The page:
Indexed on: 25 Jan '17Published on: 25 Jan '17Published in: Sensors (Basel, Switzerland)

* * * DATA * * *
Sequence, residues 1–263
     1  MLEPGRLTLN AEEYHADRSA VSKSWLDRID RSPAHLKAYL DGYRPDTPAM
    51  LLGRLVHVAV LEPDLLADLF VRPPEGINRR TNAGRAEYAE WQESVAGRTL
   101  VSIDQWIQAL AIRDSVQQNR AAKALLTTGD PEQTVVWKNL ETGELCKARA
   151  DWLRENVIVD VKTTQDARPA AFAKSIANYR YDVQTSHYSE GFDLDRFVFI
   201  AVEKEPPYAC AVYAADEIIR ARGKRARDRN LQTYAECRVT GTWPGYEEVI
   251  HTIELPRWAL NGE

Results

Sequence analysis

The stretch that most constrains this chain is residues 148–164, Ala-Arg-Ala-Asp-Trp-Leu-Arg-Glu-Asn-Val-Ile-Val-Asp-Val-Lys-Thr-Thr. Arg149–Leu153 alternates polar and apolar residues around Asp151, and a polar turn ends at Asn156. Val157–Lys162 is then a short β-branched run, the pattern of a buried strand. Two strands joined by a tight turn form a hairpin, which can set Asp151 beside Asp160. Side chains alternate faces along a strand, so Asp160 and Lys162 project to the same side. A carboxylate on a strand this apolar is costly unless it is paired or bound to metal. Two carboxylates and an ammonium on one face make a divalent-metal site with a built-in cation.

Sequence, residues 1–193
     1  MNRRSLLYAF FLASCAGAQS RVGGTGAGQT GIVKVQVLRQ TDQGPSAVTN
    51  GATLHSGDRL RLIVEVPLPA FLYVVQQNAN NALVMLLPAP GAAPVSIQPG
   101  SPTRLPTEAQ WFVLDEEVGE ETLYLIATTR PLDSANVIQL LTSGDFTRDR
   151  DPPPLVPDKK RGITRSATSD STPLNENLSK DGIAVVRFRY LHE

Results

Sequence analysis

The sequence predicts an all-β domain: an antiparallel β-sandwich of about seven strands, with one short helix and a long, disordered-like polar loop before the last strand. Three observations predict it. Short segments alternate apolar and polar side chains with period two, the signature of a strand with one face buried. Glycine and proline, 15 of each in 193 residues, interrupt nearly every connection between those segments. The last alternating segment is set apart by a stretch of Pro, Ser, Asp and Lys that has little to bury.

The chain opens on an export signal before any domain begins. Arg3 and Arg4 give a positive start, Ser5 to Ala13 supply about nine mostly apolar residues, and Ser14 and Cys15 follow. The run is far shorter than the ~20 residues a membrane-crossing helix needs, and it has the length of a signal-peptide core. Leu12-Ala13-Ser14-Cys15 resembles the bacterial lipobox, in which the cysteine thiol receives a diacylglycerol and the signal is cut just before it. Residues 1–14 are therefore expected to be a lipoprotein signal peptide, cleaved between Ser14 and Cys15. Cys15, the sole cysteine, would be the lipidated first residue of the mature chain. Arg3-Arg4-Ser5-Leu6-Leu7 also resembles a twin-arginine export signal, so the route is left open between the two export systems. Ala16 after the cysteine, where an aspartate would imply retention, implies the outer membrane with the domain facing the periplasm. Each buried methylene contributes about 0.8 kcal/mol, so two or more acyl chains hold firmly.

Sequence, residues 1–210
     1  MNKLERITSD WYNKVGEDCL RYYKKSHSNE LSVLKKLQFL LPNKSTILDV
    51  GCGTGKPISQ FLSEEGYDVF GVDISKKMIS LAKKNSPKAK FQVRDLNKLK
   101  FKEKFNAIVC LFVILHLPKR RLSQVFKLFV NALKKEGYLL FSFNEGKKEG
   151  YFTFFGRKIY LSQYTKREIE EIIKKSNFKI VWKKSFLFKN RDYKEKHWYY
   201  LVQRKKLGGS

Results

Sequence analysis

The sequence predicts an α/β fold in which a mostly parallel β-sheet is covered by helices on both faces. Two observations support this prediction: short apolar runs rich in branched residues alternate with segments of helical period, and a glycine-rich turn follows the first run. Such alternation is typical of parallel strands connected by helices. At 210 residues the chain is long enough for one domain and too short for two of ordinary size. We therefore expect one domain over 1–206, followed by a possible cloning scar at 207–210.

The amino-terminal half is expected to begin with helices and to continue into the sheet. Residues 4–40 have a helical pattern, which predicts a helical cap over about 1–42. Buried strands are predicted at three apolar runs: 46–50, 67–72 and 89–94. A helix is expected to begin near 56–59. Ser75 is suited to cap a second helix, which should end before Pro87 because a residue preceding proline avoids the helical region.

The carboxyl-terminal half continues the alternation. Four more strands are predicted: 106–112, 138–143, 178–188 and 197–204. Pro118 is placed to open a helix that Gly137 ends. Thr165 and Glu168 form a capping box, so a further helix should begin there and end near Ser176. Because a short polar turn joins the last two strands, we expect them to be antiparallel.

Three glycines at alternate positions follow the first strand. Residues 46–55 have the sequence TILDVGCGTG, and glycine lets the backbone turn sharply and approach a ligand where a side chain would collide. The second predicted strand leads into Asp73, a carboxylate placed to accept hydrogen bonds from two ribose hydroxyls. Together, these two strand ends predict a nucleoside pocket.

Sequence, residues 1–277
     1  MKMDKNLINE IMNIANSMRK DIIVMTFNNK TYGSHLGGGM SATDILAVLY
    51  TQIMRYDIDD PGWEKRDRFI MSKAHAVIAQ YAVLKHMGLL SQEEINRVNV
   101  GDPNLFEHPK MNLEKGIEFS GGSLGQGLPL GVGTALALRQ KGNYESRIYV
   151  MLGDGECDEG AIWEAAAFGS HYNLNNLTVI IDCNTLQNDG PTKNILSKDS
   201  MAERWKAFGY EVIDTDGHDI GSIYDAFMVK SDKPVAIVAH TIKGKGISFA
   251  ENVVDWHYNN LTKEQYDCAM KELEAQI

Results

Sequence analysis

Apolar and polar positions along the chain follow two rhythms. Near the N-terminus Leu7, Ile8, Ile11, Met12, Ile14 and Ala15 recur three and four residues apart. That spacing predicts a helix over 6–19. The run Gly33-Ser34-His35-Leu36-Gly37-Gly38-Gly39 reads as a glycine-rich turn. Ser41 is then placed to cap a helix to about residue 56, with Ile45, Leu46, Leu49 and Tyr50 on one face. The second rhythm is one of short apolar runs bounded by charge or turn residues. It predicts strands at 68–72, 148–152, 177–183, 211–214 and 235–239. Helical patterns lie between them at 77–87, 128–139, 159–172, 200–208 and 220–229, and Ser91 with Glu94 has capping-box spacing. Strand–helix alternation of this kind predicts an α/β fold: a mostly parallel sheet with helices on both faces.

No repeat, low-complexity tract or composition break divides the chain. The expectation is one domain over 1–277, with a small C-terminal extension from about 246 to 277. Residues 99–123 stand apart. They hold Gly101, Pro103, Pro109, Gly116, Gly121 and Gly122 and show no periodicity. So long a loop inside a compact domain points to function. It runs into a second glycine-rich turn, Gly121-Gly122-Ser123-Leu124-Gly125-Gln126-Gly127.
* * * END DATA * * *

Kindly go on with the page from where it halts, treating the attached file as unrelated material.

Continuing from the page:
With 1.6 million deaths per year, lung cancer is one of the leading causes of death worldwide. One reason for this high number is the absence of a preventive medical examination method. Many diagnoses occur in a late cancer stage with a low survival rate. An early detection could significantly decrease the mortality. In recent decades, certain substances in human breath have been linked to certain diseases. Different studies show that it is possible to distinguish between lung cancer patients and a healthy control group by analyzing the volatile organic compounds (VOCs) in their breath. We developed a sensor based on photoacoustic spectroscopy for six of the most relevant VOCs linked to lung cancer. As a radiation source, the sensor uses an optical-parametric oscillator (OPO) in a wavelength region from 3.2 µm to 3.5 µm. The limits of detection for a single substance range between 5 ppb and 142 ppb. We also measured high resolution absorption spectra of the biomarkers compared to the data currently available from the National Institute of Standards and Technology (NIST) database, which is the basis of any selective spectroscopic detection. Future lung cancer screening devices could be based on the further development of this sensor.